Can’t yahapalanaya do a single good thing? Why can’t they close the zoos, ban the use of elephants in peraheras, ban temples from owning them, forbid animal sacrifices? If they have to be corrupt politicians like all the rest, can they at least undertake this one task?

    • 2
      0

      Paul

      I admire your verbal commitment for animals.

      But banning elephants in processions won’t be easy as it’s a deeply rooted tradition in Asian countries.

      It’s more difficult task than asking to relieve horses from races and other duties.
      As far as we want elephants in processions, (at least in our major processions) temples will have to look after some.

      What’s your attitude towards dogs? Aren’t dogs happy with their life with humans? Is it possible to tell dogs to go back to the wild where they came from?

      I think the best sacrifice we can make for the animals is stopping hunting & slaughtering them.

      Are you ready to lead a vegetarian life?

      If the world is ready for that we’re ready to campaign to ban elephants in processions.

      • 3
        0

        sr I have been a vegetarian for years. I agree that it is impossible to stop all ill-treatment of animals but at least a start could be made. Any reduction in their suffering will be welcome.

        As far as dogs are concerned, they are domesticated animals. I think that all dog owners should be registered and licensed to own dogs. Stray dogs will then gradually disappear without Government intervention.

    • 1
      0

      Paul:-
      Why only Elephants? What about the Humans of Sri Lanka?

      Isn’t Sending Soldiers on both Sides to Fight Wars, Human(Animal) Sacrifice?

      • 1
        0

        Yes of course it is. Personally, I wouldn’t take the life of any human being just because the Govt wanted it. Others may have different positions and some may not be able to afford the luxury of choice.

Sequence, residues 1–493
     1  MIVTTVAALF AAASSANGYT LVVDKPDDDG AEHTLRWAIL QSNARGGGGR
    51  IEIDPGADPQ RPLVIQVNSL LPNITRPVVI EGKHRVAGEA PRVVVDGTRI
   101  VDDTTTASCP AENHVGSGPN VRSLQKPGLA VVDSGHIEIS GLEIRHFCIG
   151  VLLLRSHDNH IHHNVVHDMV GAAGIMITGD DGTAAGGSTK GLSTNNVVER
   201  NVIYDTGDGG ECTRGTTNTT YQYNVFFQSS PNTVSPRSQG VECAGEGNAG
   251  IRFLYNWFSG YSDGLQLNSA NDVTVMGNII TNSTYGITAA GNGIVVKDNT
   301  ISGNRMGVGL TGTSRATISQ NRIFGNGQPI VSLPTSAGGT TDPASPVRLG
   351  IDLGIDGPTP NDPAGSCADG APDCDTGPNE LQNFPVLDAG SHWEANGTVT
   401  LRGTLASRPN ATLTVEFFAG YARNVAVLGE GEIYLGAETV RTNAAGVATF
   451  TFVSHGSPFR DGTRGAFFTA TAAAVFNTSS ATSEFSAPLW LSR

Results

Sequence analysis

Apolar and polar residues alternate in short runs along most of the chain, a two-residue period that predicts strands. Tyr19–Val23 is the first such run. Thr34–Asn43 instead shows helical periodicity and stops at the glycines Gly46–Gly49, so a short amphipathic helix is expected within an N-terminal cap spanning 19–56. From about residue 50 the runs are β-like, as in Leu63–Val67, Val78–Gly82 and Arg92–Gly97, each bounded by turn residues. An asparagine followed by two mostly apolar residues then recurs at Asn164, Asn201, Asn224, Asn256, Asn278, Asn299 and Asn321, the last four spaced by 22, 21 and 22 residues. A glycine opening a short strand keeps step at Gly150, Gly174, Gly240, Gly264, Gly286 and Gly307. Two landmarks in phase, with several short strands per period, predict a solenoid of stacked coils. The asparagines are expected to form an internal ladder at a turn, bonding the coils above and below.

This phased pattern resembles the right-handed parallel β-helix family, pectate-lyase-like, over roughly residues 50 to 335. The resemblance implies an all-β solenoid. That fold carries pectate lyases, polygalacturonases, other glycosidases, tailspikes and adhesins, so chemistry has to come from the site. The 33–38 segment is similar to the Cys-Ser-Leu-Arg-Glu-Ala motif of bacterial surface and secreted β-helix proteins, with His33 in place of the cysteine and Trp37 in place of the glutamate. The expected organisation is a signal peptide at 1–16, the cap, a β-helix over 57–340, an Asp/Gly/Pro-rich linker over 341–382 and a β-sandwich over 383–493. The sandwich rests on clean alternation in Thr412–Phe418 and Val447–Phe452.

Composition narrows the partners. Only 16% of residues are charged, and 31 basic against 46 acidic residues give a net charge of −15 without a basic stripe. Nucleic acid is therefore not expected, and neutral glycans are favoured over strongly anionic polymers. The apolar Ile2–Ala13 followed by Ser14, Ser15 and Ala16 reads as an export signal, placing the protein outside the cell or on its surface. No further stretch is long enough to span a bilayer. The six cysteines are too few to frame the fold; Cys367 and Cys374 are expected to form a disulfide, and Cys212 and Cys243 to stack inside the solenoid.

• 4
    1

    Dehiwala Zoo should be relocated and should become an animal safari like p,ace where animals are treated and research related to animals are conducted.

    Dehiwala Zoo is old concept and inhumane.

    • 5
      2

      jim softy

      “Dehiwala Zoo is old concept and inhumane.”

      Oh really, have you thought about your concept of people, their life, and their relation with others, rights, livelihood, habitat, dignity, safety and security, …………. your hatred towards the entire humanity especially towards yourself, …..?

      • 1
        1

        Dumb Native Veddo:

        There is nothing permanent.

        People have to change with the times and with the thoughts.

    • 1
      0

      Jim Softy:-

      “Dehiwala Zoo should be relocated and should become an animal safari like place where animals are treated and research related to animals are conducted.”

      Isn’t that what Rajapakse was trying to do, by destroying all the Natural, Indigenous Wild Life around the Yala National Park?

  • 3
    1

    My father Mohamed Sameen was known as the best and wonderful administrator of the Dehiwala zoo. During his time it’s a completely different story at the zoo. If he still living he would have been a heart broken man to see the pathetic plight of the present day zoo. He gave his entire life to the zoo, rain or shine, day and nigh he was in and out of it, every moment he was at the pulse of it.

    In his days, it’s nominated the best zoo in Asia, and one of the best in the world.

    He gave the best care to the animals, and made it the best place for the animals and the visitors to be. That’s reason, he was invited to set up the Singapore and Australian Zoo. Unfortunately, while at work he had a massive heart failure, and passed away in the Kalubowila hospital. We were practically brought up in the zoo for we lived in the staff quarters.

    My Humble request to all not to destroy see this beautiful thing and take good care of those innocent and majestic creatures.

    • 4
      1

      You are wrong Marzooka Sameem.

      It was in Lyn de Alwis’s Days, that Dehiwala Zoo was nominated the best Zoo in Asia, and one of the best in the world.

      Lyn was even Chosen by Singapore to set up their first Safari Park.

      • 2
        0

        Hamlet is correct.

        The great Lyn De Alwis took over from a another legend, Aubrey Weiman, who set a very high standard. It was a hard act to follow, but Lyn De Alwis succeeded, and was acclaimed worldwide for the high standards he set and maintained. The welfare of the animals was paramount.

        Alas, after that it all went downhill……

  • 4
    3

    Why can’t you write about the cages where hundreds of thousand Tamils were herded and caged with barbed wires in 2009.

  • 2
    1

    You watch the eyes, each and every domesticated elephants cries all the time.

  • 1
    1

    A society that ill treats Animals cannot be much good at humanity as well.